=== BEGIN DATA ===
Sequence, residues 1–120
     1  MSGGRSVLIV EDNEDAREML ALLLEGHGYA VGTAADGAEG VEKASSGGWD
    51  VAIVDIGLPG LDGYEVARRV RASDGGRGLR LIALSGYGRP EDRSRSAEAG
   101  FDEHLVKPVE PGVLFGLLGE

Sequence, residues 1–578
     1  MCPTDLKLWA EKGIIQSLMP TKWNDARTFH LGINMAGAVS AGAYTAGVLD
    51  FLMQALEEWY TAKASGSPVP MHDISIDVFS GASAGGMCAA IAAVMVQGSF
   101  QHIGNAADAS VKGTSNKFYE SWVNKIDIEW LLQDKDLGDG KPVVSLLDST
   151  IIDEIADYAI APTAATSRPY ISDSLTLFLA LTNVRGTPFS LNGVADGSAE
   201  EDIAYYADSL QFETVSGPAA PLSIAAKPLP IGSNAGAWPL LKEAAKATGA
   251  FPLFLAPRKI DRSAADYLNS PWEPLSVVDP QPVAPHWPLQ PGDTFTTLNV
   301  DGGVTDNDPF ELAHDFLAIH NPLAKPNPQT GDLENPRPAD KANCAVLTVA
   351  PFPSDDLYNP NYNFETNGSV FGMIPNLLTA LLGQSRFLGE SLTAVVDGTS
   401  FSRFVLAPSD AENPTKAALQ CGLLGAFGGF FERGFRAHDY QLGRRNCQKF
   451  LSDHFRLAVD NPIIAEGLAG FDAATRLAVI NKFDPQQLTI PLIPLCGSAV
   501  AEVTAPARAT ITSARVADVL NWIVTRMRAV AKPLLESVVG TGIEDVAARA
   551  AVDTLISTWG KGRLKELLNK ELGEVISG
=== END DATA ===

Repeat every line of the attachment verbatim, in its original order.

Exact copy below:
Sequence, residues 1–120
     1  MSGGRSVLIV EDNEDAREML ALLLEGHGYA VGTAADGAEG VEKASSGGWD
    51  VAIVDIGLPG LDGYEVARRV RASDGGRGLR LIALSGYGRP EDRSRSAEAG
   101  FDEHLVKPVE PGVLFGLLGE

Sequence, residues 1–578
     1  MCPTDLKLWA EKGIIQSLMP TKWNDARTFH LGINMAGAVS AGAYTAGVLD
    51  FLMQALEEWY TAKASGSPVP MHDISIDVFS GASAGGMCAA IAAVMVQGSF
   101  QHIGNAADAS VKGTSNKFYE SWVNKIDIEW LLQDKDLGDG KPVVSLLDST
   151  IIDEIADYAI APTAATSRPY ISDSLTLFLA LTNVRGTPFS LNGVADGSAE
   201  EDIAYYADSL QFETVSGPAA PLSIAAKPLP IGSNAGAWPL LKEAAKATGA
   251  FPLFLAPRKI DRSAADYLNS PWEPLSVVDP QPVAPHWPLQ PGDTFTTLNV
   301  DGGVTDNDPF ELAHDFLAIH NPLAKPNPQT GDLENPRPAD KANCAVLTVA
   351  PFPSDDLYNP NYNFETNGSV FGMIPNLLTA LLGQSRFLGE SLTAVVDGTS
   401  FSRFVLAPSD AENPTKAALQ CGLLGAFGGF FERGFRAHDY QLGRRNCQKF
   451  LSDHFRLAVD NPIIAEGLAG FDAATRLAVI NKFDPQQLTI PLIPLCGSAV
   501  AEVTAPARAT ITSARVADVL NWIVTRMRAV AKPLLESVVG TGIEDVAARA
   551  AVDTLISTWG KGRLKELLNK ELGEVISG